- Use templates to try to align a spiral pattern to a series of objects from nature and the man-made world. Which objects come close to the spiral and which don’t?
- Learn how patterns are used to make computer-generated landscapes in movies.
Patterns in Yourself
- Look through an eyepiece to directly observe how blood vessels branch within your own eye.
- Compare similar patterns that appear in the human body and in nature.
- Step in front of a large mirror and strike various poses while a projection reveals the patterns and proportions in your body.
Patterns in Music, Art and Architecture
- Compose a piece of music using symmetry: vary a single musical motive and hear your creation played backed to you.
- Create a musical scale with mathematical proportions using a playable harp.
- Discover and compare similar patterns in architecture from varying parts of the world—built millennia apart.
Numbers in Nature is included in Museum Entry, but it will require a timed-entry ticket, available onsite.
About the Museum of Science and Industry, Chicago (MSI)
The Museum of Science and Industry, Chicago (MSI), one of the largest science museums in the world, offers world-class and uniquely interactive science experiences that inspire inventive genius and foster curiosity. Through groundbreaking and award-winning exhibits that can’t be found anywhere else, to Live Science Experiences that make you the scientist—a visit to MSI is where fun and learning mix. Through its Center for the Advancement of Science Education (CASE), MSI offers a variety of student, teacher and family programs that make a difference in communities and contribute to the Museum’s larger vision: to inspire and motivate children to achieve their full potential in science, technology, medicine and engineering. Come visit and find your inspiration! MSI is open 9:30 a.m. – 4 p.m. every day except Thanksgiving and Christmas day. Extended hours, until 5:30 p.m., are offered during peak periods. The Museum is supported in part through the generosity of the people of Chicago through the Chicago Park District. For more information, find MSI online at msichicago.org or call (773) 684-1414 or (800) GO-TO-MSI outside of the Chicago area.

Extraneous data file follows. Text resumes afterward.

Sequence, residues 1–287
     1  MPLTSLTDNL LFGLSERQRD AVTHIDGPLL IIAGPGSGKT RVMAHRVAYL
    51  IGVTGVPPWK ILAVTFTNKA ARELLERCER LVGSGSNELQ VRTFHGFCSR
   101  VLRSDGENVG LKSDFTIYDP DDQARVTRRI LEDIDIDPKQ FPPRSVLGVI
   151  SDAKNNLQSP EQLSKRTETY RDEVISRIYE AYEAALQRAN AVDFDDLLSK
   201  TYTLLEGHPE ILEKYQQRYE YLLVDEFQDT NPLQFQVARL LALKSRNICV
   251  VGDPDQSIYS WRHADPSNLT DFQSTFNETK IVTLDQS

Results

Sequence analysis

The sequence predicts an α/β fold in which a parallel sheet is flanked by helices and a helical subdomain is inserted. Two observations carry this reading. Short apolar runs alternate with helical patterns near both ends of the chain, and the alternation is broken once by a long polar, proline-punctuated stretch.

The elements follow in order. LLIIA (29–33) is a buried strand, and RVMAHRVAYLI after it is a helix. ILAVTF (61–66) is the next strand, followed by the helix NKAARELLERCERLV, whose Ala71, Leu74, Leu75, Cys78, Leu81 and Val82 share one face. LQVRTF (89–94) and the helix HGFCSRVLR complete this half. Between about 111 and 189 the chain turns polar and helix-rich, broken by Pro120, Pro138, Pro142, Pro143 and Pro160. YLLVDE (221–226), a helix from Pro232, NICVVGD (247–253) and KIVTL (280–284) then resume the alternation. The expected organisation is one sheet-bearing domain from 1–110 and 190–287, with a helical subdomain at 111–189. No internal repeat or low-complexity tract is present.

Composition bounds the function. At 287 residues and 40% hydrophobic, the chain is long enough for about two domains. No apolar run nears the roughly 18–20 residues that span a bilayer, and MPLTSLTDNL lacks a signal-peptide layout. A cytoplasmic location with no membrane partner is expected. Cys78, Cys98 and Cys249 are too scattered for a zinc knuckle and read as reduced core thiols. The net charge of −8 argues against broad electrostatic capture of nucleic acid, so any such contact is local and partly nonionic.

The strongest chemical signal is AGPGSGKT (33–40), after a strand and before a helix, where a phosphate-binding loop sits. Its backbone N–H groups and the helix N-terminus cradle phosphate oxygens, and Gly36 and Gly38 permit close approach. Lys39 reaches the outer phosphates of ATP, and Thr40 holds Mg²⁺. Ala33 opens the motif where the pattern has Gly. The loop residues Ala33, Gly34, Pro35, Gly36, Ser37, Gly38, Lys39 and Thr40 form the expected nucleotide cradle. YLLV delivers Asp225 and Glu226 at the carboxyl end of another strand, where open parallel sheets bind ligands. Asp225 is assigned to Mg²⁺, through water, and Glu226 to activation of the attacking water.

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- A rendering of Numbers In Nature: A Mirror Maze, a new 1,800-square-foot permanent exhibit to open at the Museum of Science and Industry, Chicago in October 2014. [Museum of Science and Industry, Chicago]
- Numbers In Nature will reveal mathematical patterns that exists all around us in nature, art and the human body. [Derivative of “Sunflower in Saigon” by Christian Haugen, used under CC BY 2.0.]
- The centerpiece of the exhibit is a 1,800-square-foot elaborate mirror maze in which guests can lose themselves in a seemingly infinite repeating pattern of mirrors. [J.B. Spector, Museum of Science and Industry]
Images presented here are for the express use for promoting the Museum of Science and Industry. All images must be properly credited. Images may not be reproduced by third parties without express written permission from the Museum of Science and Industry.